Józef Tischner "Liberation Theology And The Ethics Of Solidarity"
A lecture prepared for the colloquy organized by the Centre of Studies on the Development and Integration of Latin America. Caracas, 1989. Translated by Anna Fraś.
A comparison of Liberation Theology and the Ethics of Solidarity presents itself as a matter of course. In both we come across a massive social movement fighting against political and economic totalitarianism, in both there is a link between the issue of freedom and the issue of religion, in both there is a comprehensive co-operation between intellectuals and the oppressed, the exploited. Also the moral source of both movements seems to be alike: the source is a sensitivity of conscience to social harm done to man. The similarities of both are revealed in the very names by which they like to be referred to: liberation and solidarity. There occurs a reciprocal connection between liberation and solidarity: liberation without solidarity is as impossible as solidarity without liberation.
But there are differences as well. On the one hand, we have the image of a social movement of an international character which defines itself by means of theological terminology; this movement aims at reforming not only the state and its economy but also the Church, which arouses understandable opposition on the part of other theologians and the hierarchy. On the other hand, we see a movement of a prominently Polish character, which, regardless of its success, is still so immersed in its emergency affairs that it cannot find time for a deeper theoretical reflection; a movement which, though connected to religion, has no intention to define itself in terms of theology or to reform the Church; and yet it looks for its sense and justification in the sphere of ethical values.
Perhaps the most important difference lies somewhere else. It comes from the attitude of both movements to revolution. Liberation Theology, at least as presented by its prominent exponents, looks forward to revolution as a fulfilment of hopes cherished by the oppressed. The Solidarity Movement has already gone through revolution as a historical event which has brought more problems to be solved than solutions. The social order emerging from the revolution led to an unheard-of labour crisis. Social misery, apparently got rid of, came home to roost. What can be done to dispose of it? One thing is certain: revolution is no longer taken into account. Therefore, each movement has a different approach to ethics: while one group want to devise a way to transform ethics so that the door to revolution is open, the other one ask how to graft ethics onto the post-revolutionary world.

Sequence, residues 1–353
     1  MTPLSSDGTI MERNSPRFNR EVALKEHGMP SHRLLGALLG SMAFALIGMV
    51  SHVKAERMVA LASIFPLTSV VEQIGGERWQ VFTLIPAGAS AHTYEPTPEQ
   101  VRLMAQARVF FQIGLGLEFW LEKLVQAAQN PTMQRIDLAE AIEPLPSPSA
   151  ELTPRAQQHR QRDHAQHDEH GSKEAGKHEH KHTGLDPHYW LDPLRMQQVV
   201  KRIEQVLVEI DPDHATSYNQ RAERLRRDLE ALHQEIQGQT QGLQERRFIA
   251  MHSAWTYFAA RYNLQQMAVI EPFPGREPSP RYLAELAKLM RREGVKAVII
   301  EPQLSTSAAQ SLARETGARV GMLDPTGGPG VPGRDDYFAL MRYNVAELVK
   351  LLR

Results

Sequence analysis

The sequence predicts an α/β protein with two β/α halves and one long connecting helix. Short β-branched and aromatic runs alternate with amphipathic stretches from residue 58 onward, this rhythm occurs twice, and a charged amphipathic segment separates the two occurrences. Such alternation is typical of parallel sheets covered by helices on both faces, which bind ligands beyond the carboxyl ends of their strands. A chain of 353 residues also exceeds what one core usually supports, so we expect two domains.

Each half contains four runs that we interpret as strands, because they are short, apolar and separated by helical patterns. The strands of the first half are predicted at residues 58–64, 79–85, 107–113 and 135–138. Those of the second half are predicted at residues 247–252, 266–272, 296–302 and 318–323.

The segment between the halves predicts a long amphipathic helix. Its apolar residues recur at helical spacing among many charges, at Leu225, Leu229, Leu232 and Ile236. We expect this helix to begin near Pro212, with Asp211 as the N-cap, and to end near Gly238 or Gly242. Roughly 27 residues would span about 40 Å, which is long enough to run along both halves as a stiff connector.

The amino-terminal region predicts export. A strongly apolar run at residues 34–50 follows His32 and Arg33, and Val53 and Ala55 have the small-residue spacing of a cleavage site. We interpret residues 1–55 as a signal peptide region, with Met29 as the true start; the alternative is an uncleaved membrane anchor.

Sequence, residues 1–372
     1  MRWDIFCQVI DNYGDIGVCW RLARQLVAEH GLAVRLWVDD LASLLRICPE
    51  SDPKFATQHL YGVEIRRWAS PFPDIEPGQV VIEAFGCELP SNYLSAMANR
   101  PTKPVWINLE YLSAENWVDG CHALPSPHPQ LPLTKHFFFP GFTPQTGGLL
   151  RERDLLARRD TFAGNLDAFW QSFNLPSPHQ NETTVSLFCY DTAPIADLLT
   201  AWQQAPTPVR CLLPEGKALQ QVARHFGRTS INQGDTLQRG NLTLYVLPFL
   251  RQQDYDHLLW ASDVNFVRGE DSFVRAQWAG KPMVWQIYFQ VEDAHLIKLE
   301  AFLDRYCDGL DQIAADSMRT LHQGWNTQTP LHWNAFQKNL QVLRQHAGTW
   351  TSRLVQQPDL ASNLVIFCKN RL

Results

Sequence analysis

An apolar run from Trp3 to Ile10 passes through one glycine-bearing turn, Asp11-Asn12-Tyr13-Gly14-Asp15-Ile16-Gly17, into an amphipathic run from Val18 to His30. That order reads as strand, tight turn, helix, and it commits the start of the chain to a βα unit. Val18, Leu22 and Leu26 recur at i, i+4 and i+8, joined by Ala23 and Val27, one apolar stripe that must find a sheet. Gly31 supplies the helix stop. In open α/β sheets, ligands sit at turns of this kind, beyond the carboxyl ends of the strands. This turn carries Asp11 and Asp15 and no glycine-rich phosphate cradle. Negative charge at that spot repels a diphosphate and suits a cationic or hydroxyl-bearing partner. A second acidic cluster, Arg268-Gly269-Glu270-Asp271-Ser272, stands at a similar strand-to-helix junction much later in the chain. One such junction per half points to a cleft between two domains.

We are comparing here Liberation Theology with the Solidarity Movement. What is the purpose of this comparison? It is not a critique, though some critical remarks are going to be made. The purpose is a better mutual understanding. Both movements can be enriched by the undoubted achievements of each. Liberation Theology may help the Solidarity Movement define its relation to religion and its richness, and the Solidarity Movement can provide a great deal of food for thought as far as the relationship between the Liberation Movement and Marxism or socialism goes. It is all the more possible as both movements remain close to the Church, which can provide the desired common plane.
The roots of rebellion
The roots of the Liberation Movement and the Solidarity Movement seem to be similar: they originate from the experience of pain suffered by victims of social injustice. Liberation Theology defines them [victims] using the word “poor”. The “poor” are the reason for the moral movement of liberation and its theology. If there were no “poor”, neither the movement nor its theology would exist. The “poor” give meaning to and legitimize the whole of liberating actions. At the same time, Liberation Theology makes a great effort to endow the word “poor” with a religious, theological meaning. The “poor” are to become a kind of absolute value for the Liberation Movement. For this reason it is necessary to form a link between the concept of “poor” and its counterpart in the Bible. Yet, at the same time it is essential to bring out its political meaning. Therefore, it has to be admitted, though only tacitly, that the “poor” are the legitimizing reason of revolution. The “poor” of Liberation Theology must be the same “poor” (“cursed people of the earth”) who appeared and took on meaning during the Great Revolution. In such a way Liberation Theology makes the concept of “poor” a meeting point of theological, ethical and revolutionary thinking.